South Slave

Plans for a new Fort Smith duplex don’t impress local leaders

Fort Smith is set to get a new single-occupancy duplex – but town councillors are critical of the design plans.

At a council meeting on June 15, senior administrative officer Cynthia White cautioned mayor and council the town could lose the new unit if they don’t approve a lot for the NWT Housing Corporation quickly enough.

“Any further delays could result in us losing this very important piece of housing in the community, because we’re not on the uptake quick enough,” said White at the end of the meeting, after councillors had aired their concerns about how “institutional” the initial design looked and where it was set to be located.


There is currently a request for proposals for a design team and manufacturer to deliver 34 housing units across the NWT. The housing corporation has committed to building affordable homes that are 25 percent above the national energy code in exchange for federal dollars to build them.

The NWT Housing Corporation is hoping to have the new unit in Fort Smith built at 119 Field Street by December 2021. The unit designs will be similar to the new eight-plex that opened in Yellowknife in June.

The bachelor-style units are a newer type of configuration for the housing corporation – and are highly needed in Fort Smith, where there were 34 single people on the waitlist for housing as of May 1.

“These houses are going to look like crap … they look very jail-like,” Councillor Kevin Campbell bluntly told staff from the NWT Housing Corporation who had called into the meeting to present their plans and answer council’s questions.


“They don’t really look like houses … the design is really not very palatable,” Councillor Chris Westwell said, while admitting getting into the aesthetics of the building was a “slippery slope.”

“This is certainly the most institutional unit I’ve seen presented so far,” he said, “and I just wondered if there were alternative designs?”

Councillor Mike Couvrette expressed concern the duplex’s “institutional” look would lower nearby property values.

Dan Korver, manager of design development at the housing corporation, tried to reassure councillors by saying the plans presented in council’s package involved only an “indicative design” that represented the housing corporation’s intent. 

“It is a very simple unit,” Korver said, noting the duplex will be a modular building.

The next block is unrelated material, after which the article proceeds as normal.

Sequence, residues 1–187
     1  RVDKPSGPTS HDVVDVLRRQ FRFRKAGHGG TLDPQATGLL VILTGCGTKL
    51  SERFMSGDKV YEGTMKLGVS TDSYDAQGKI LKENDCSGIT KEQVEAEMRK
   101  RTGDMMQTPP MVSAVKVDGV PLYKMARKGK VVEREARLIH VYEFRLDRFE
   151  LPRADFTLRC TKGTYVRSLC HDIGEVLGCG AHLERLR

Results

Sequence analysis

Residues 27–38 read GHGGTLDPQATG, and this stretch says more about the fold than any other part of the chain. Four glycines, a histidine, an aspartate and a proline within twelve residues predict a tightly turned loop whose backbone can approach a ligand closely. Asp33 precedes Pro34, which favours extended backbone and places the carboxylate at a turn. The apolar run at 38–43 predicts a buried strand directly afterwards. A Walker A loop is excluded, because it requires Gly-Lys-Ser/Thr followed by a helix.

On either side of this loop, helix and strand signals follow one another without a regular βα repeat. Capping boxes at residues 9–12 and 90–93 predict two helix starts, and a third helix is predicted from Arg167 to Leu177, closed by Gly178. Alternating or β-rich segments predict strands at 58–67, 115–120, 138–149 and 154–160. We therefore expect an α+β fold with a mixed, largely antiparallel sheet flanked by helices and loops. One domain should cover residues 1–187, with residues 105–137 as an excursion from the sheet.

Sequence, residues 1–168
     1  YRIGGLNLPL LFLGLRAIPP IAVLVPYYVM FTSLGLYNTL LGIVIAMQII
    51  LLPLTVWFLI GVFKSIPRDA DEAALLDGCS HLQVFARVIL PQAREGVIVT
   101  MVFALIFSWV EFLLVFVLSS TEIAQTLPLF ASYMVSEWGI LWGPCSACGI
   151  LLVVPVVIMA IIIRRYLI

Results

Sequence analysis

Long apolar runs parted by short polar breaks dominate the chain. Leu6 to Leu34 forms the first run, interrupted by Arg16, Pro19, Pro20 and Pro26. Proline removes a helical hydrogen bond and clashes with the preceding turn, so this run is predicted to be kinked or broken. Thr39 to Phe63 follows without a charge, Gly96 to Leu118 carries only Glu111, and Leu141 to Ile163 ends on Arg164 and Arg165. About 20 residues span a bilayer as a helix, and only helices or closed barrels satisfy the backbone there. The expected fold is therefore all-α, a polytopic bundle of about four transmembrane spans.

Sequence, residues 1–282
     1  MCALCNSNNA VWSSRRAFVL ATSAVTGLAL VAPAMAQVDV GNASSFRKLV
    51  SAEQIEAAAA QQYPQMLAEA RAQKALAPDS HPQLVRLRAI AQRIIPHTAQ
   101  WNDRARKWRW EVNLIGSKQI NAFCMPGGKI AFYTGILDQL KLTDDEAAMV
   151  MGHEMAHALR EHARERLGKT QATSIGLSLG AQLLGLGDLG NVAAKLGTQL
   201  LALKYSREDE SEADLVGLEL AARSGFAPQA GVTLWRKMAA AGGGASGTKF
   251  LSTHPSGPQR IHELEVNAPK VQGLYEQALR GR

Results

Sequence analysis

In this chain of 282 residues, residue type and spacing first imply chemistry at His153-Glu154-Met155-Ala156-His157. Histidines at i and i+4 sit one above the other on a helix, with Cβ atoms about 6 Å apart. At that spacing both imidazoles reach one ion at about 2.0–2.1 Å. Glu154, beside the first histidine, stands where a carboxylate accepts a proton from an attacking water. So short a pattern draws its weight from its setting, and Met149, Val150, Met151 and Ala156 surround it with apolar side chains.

“They will be affordable, adequate, suitable housing designed to be energy efficient. The final aesthetic will be up to the design build team and the housing corporation.”

Korver added some aspects of the initial design – like the high foundation – might not be necessary in Fort Smith, unlike in other NWT communities farther north.

“I think they are being referred to as institutional when they could be characterized as contemporary or modern,” he said, explaining they were designed with affordable, low-maintenance finishes like corrugated metal siding in mind.

Mayor Lynn Napier said she had spoken with leaders of the Salt River First Nation, Smith’s Landing First Nation, and Fort Smith Métis Council about the proposed build, and they had all expressed similar sentiments.

“These are not welcoming homes for residents in our community,” she summarized, noting the current design only accounts for two windows in each unit, there is little space for seating, and the units wouldn’t be able to house people with mobility issues because they don’t “appear to be accessible in any manner.”

Westwell later said the building would be a “terrible example of how to build an inclusive community.”

Why Field Street?

Councillor Jessica Cox noted, “It’s important that [subsidized] housing be diversified throughout the community … and not grouped together en masse on a couple of streets.”

Cox said there are already a number of subsidized housing units on Field Street and the long-term plan is for the units to be integrated throughout the town.

Anita Lenoir, the housing corporation’s manager of land planning, said lots zoned for duplexes are difficult to find.

“We can only scatter subsidized housing if there are lots we can build on that are permitted uses … we’re limited and it’s challenging when there are subdivisions where we’re kind-of blocked from entering or not allowed to go,” Lenoir said.

White noted the housing corporation had sent a survey to local stakeholders on homelessness needs, but had neglected to include the town.

“I think that’s problematic for us. If we’re taking about doing any work around homelessness and housing needs in this community, it’s disappointing that I got this email from a third party … we weren’t included in this email.

“So when we talk about housing needs and studies and such things, I would anticipate that the Town of Fort Smith will be included from here on in.”

Napier said through the NWT Association of Communities, she often advocates for funding from the federal government.

“We know the housing is not a need that is served by municipalities, but we know that it is a need of our municipality and we do need to be included in these conversations,” she told the NWT Housing Corporation staff.

“In order to be partners we need to be included in these discussions.”

At the end of the meeting, town council decided they wanted the housing corporation to provide a more detailed presentation on subsidized housing in the community.